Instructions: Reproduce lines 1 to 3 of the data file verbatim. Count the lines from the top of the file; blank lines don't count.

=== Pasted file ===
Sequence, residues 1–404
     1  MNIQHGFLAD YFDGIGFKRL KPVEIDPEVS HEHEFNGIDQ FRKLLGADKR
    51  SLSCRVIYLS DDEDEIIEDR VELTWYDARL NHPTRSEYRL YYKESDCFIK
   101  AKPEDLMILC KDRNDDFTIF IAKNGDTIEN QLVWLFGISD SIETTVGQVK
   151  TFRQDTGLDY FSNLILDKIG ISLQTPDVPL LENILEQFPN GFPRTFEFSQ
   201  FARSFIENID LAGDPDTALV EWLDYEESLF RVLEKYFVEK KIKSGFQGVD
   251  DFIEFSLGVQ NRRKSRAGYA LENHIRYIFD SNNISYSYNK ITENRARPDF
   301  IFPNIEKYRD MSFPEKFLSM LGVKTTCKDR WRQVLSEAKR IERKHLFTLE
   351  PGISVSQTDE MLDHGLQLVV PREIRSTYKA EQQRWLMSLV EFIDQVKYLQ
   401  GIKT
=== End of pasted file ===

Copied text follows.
Sequence, residues 1–404
     1  MNIQHGFLAD YFDGIGFKRL KPVEIDPEVS HEHEFNGIDQ FRKLLGADKR
    51  SLSCRVIYLS DDEDEIIEDR VELTWYDARL NHPTRSEYRL YYKESDCFIK